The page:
Rutland hit by second earthquake in two days
Another earthquake has shaken the Rutland town of Oakham, experts have confirmed.
The British Geological Survey (BGS) said early information showed a tremor of 3.5 magnitude just north of Oakham at about 07:50 BST.
On Thursday, residents in and around Oakham were woken by a tremor of 3.2 magnitude just after 07:00 BST.
The BGS said it had received more than 200 reports after Friday's tremor and was gathering more information.
There are no reports of any damage or injuries.
A map of locations where the tremor was reported shows people in Nottinghamshire and Lincolnshire felt the earthquake.'Something bigger?'
Oakham resident Andrew McCombe, who has felt both earthquakes, said: "We seem to have quite a few shakes around here.
"We had one four years ago that was quite bad - it sounded like a loud train rumbling and then a loud roar.
"There was a lot of shaking [today] and it lasted a little longer, it felt a bit like standing right next to a tumble drier.
"As this one was stronger than yesterday, I just wonder what will happen next? You do wonder if these little tremors are leading up to something bigger."
John Kennedy tweeted: "Oakham rock again! 2nd earthquake in two days. Will we get a third?"
BBC Radio Nottingham received a text message from a listener in Colwick saying she had felt the tremor, about 32 miles (51km) from Oakham.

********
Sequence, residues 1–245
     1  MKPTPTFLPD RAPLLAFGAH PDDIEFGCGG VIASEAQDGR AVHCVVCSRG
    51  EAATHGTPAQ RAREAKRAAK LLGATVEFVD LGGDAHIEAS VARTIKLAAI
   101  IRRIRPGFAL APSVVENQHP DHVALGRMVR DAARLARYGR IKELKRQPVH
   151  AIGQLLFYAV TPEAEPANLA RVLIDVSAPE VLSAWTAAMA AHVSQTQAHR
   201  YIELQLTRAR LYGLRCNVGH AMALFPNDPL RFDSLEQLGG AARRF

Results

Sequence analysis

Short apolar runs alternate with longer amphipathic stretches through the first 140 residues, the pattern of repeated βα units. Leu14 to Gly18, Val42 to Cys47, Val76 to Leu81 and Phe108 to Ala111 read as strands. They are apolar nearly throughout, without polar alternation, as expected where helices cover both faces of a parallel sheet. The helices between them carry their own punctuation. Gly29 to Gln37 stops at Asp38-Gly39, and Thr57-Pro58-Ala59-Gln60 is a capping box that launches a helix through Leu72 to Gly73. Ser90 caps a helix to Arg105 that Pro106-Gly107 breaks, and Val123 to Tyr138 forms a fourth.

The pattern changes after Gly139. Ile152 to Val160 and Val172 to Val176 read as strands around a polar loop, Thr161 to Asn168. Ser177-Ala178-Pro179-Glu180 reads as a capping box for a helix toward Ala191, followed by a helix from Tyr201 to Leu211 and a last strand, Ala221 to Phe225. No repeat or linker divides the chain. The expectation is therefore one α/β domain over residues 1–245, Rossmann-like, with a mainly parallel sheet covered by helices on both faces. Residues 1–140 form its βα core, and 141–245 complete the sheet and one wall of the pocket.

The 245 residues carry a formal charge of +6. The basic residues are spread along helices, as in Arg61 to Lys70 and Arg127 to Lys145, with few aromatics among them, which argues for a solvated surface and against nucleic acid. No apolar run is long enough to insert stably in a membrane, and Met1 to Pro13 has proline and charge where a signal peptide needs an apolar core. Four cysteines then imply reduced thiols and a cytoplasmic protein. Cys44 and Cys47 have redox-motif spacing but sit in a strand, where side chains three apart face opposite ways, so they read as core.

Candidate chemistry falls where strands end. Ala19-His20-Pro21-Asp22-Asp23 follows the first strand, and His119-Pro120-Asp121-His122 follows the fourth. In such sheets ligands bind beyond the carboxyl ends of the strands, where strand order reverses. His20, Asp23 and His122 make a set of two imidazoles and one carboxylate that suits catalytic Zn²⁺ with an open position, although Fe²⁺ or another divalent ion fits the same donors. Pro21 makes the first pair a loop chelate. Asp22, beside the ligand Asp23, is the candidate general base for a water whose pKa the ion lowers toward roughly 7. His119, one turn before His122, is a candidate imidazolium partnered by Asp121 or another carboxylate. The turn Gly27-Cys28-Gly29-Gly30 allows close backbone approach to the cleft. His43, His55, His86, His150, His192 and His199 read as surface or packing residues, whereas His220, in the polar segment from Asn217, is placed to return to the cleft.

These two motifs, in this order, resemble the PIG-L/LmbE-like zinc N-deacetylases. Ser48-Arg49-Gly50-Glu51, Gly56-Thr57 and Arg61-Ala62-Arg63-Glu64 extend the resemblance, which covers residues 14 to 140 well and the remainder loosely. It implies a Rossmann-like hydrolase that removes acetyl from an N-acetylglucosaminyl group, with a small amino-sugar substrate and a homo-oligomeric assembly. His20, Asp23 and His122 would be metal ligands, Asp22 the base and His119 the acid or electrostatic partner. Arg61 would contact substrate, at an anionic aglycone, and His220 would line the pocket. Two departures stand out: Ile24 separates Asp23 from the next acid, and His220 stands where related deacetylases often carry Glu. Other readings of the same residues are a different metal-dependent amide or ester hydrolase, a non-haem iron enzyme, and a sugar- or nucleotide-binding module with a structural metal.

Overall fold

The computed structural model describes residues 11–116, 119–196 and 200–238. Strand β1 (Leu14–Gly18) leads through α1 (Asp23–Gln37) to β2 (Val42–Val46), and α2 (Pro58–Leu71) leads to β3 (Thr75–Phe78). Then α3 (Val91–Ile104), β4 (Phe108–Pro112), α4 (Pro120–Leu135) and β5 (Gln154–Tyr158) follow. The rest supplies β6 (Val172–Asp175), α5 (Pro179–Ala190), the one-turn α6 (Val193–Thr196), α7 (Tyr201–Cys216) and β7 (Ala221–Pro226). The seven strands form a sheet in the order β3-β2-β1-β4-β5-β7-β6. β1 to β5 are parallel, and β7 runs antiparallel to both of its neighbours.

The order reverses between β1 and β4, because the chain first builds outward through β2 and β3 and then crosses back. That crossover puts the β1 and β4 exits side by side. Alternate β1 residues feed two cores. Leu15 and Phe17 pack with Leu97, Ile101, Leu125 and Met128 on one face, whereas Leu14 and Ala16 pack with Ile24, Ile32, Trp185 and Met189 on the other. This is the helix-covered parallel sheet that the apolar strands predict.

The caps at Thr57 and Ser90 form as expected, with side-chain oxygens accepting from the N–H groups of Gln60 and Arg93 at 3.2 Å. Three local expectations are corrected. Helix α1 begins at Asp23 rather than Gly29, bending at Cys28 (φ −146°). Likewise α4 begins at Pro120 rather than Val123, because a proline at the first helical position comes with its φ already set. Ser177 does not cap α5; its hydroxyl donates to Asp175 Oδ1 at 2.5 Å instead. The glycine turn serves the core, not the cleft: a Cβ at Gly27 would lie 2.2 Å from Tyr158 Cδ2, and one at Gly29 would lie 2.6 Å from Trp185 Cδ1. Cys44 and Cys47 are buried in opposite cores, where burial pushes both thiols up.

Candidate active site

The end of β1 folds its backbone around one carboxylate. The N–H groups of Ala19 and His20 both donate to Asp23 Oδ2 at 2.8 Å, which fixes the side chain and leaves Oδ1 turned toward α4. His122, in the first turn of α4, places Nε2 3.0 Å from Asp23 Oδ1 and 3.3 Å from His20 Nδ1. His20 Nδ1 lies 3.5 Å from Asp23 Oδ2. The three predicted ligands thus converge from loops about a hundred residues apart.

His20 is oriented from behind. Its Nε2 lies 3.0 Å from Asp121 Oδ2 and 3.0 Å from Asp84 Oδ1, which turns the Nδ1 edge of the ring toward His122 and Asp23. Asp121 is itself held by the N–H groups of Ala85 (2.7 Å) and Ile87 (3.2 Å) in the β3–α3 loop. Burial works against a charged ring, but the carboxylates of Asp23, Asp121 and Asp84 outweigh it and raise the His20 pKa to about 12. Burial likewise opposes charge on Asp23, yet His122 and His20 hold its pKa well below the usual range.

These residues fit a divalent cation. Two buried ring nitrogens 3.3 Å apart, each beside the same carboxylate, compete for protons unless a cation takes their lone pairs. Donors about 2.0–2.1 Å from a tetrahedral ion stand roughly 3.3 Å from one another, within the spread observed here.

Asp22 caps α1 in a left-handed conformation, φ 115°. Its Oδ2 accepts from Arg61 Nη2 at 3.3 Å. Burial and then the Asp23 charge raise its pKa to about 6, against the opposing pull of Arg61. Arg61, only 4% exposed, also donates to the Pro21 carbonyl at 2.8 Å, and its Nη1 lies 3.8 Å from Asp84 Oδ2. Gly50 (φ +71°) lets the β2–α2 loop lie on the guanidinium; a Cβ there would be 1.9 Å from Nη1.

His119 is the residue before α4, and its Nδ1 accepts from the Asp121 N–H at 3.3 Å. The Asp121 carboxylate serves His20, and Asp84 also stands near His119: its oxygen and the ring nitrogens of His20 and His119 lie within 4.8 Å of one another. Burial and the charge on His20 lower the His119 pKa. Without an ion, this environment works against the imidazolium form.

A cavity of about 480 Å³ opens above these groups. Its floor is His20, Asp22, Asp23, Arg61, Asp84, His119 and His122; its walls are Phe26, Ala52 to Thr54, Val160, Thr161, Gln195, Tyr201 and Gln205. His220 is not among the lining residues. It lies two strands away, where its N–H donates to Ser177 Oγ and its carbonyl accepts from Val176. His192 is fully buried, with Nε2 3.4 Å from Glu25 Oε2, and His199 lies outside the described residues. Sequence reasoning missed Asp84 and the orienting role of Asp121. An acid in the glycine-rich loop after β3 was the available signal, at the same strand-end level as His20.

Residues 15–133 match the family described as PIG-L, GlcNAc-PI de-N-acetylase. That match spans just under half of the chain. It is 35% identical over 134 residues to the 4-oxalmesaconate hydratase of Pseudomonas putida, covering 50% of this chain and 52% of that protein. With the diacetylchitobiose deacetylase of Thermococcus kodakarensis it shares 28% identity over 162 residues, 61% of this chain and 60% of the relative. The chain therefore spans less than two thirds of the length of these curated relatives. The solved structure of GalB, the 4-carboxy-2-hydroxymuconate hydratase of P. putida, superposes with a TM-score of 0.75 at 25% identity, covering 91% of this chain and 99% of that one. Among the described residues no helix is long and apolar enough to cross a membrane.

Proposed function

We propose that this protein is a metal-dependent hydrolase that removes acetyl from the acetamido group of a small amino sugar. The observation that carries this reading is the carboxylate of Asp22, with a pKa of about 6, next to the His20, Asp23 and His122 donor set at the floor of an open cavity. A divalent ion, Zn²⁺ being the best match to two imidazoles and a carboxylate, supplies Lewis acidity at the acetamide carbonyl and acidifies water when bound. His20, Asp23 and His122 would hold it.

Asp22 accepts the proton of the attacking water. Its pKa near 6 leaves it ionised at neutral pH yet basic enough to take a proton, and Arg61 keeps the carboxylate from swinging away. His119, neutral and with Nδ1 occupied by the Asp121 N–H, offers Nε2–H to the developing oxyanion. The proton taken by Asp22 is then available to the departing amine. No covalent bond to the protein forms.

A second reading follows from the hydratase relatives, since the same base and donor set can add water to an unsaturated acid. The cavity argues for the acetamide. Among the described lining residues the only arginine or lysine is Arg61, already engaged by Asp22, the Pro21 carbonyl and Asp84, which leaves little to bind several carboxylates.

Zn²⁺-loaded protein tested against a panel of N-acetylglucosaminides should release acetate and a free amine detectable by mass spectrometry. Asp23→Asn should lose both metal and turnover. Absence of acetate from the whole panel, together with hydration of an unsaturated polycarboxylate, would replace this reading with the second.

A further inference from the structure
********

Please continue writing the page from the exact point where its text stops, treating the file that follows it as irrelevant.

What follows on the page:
The widely-known Richter scale has been generally replaced by moment magnitude scale (Mw). Richter measured the amount of movement while Mw is based on the force involved.
Mw 1.0 - 30 lb of TNT, e.g. construction site blast
Mw 2.0 - 1 ton of TNT e.g. large quarry or mine blast
Mw 3.0 - 29 tonnes of TNT
Mw 4.0 - 1 kiloton of TNT e.g. small atomic bomb
Mw 5.0 - 32 kiloton of TNT e.g. Nagasaki atomic bomb
Mw scale goes to 9
Source: British Geological Survey
Glen Ford from the BGS, said: "This one is particularly large, we don't get many of that size in the UK.
"It's unusual we've had another one so close after the one yesterday - 3.2 and 3.5 magnitude.
"Today's is actually about three times larger than the one yesterday," he said.
On Thursday, Suzanne Sergeant, from BGS, said earthquakes were not "uncommon in the UK".
She added: "They occur as a result of the adjustments the geological structures make to the wider stresses that the UK experiences.
"Although we are not close to any plate boundaries we experience a slight squeezing as a result of the mid Atlantic ridge and the pressures that are put on the fault."
The largest-known British earthquake occurred under the sea near Dogger Bank in 1931, with a magnitude of 6.1.
BGS said the UK was expected to experience a magnitude 5 earthquake about every 10 to 20 years.